Berkeley (CA) – The University of California, Berkeley, confirmed that hackers accessed databases containing critical personal data of about 160,000 individuals. Those affected are informed now, but the damage may already be done – the breach began on October 9, 2008, and continued until April 9, 2009.
UC Berkeley representatives said they began notifying students on May 8, stating that Social Security numbers health insurance information and non-treatment medical information, such as immunization records and names of some of the physicians they may have seen for diagnoses or treatment have been accessed and possibly extracted. The university said that the hackers did not access University Health Services’s (UHS) medical records, which include patients’ diagnoses, treatments and therapies.
In total data of about 160,000 individuals was accessed. The victims of this crime are current and former UC Berkeley students, as well as their parents and spouses, if linked to insurance coverage. Also affected are 3400 Mills College students who received, or were eligible to receive, health care at UC Berkeley. The data for UC Berkeley students, alumni and their parents date back to 1999. The information involving Mills College former and current students dates back to 2001. Every individual affected may be at risk of identity theft.
UC Berkeley said that the server breach began on October 9, 2008 and continued until April 9, 2009, when campus computer administrators performing routine maintenance identified messages left by the hackers. When discovered, administrators used an “emergency security incident team” to investigate the scope and impact of the breach. Apparently, the attack was launched by hackers based overseas. “The attackers accessed a public Web site and subsequently bypassed additional secured databases stored on the same server,” UC Berkeley said.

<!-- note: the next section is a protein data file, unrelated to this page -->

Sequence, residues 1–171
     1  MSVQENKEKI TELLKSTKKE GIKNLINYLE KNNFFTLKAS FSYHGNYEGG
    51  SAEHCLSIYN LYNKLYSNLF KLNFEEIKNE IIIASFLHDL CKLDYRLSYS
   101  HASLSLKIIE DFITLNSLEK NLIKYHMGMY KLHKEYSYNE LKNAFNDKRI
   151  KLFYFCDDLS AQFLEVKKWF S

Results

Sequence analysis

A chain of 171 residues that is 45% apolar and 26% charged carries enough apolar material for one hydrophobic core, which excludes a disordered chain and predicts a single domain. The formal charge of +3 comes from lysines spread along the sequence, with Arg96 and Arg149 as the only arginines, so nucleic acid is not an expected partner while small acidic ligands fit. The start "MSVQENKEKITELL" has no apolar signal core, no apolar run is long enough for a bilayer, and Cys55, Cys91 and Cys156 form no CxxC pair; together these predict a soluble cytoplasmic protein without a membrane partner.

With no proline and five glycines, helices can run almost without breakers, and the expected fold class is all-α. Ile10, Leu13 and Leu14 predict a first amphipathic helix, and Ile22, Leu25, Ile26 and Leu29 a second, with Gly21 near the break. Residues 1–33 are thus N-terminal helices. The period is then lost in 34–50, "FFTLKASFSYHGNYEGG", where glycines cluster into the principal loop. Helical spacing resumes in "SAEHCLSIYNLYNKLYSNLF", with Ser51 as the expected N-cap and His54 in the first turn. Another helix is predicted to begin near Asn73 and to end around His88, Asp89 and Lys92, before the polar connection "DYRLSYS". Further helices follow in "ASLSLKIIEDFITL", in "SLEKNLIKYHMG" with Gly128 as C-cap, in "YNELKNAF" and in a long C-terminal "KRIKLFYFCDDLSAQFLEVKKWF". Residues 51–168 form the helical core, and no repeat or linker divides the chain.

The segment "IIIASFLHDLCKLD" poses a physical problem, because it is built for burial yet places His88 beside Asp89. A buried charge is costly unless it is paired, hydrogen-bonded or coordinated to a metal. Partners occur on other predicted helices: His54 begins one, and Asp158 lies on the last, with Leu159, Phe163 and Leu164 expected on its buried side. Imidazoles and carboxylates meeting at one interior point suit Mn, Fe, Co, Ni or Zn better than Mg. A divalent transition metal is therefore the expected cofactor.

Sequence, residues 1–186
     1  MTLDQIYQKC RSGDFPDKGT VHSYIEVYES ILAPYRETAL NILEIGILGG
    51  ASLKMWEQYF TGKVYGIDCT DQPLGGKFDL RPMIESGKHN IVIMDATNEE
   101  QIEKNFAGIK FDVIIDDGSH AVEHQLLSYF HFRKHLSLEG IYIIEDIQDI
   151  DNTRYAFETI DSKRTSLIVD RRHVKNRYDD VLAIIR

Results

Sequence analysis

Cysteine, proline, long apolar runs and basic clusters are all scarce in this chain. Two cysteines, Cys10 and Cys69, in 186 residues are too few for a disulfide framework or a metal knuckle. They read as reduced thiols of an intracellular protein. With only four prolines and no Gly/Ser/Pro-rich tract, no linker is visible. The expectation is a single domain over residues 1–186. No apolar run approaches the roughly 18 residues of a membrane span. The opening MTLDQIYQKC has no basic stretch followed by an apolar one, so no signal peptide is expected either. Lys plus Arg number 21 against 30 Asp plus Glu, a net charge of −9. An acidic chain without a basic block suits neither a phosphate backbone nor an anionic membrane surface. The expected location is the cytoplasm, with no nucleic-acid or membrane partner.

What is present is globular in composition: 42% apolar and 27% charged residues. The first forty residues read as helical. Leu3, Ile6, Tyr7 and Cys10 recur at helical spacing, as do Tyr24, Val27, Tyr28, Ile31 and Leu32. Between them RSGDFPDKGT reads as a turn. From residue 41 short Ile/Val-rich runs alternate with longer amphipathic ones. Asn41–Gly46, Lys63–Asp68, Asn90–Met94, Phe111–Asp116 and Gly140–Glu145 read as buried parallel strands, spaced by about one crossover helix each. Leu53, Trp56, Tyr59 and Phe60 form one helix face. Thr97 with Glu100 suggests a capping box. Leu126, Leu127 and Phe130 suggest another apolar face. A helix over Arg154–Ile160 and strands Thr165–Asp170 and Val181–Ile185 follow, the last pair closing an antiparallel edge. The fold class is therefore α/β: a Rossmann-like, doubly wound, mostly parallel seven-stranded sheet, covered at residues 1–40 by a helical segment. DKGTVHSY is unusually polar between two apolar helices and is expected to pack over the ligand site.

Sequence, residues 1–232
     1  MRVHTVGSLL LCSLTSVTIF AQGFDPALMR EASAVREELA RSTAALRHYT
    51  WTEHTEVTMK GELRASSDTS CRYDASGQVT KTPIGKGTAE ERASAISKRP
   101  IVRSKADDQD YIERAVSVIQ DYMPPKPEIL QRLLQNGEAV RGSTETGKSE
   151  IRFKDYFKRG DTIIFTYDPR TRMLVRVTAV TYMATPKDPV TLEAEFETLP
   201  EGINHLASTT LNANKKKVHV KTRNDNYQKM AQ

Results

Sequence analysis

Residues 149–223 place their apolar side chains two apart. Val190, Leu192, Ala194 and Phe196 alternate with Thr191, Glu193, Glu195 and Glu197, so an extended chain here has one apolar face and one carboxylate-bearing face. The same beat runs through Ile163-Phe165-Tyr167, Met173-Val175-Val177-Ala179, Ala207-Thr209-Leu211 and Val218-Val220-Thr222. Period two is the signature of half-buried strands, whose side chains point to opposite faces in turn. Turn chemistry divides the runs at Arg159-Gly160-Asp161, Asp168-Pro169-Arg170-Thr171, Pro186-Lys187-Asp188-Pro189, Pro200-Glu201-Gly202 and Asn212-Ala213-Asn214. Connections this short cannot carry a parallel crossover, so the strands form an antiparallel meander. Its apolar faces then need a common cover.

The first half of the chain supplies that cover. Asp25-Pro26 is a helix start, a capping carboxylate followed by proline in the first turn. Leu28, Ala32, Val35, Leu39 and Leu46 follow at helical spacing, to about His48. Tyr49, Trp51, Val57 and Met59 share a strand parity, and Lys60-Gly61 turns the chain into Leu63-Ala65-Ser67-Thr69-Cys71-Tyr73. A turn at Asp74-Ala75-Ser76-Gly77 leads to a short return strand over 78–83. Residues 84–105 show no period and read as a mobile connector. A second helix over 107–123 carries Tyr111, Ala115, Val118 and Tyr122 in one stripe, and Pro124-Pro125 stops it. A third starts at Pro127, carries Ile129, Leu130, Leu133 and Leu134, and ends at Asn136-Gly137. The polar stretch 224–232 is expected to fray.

“The university deeply regrets exposing our students and the Mills community to potential identity theft,” said Shelton Waggener, UC Berkeley’s associate vice chancellor for information technology and its chief information officer. “The campus takes our responsibility as data stewards very seriously. We are working closely with law enforcement and information security experts to identify the specific causes that may have contributed to this breach and to implement recommendations that will reduce our exposure to future attacks.”
The university recommended individuals whose names and personal data were stolen to place a fraud alert on their credit reporting accounts. The campus has set up a website, datatheft.berkeley.edu, to assist these individuals with contact information for key resources.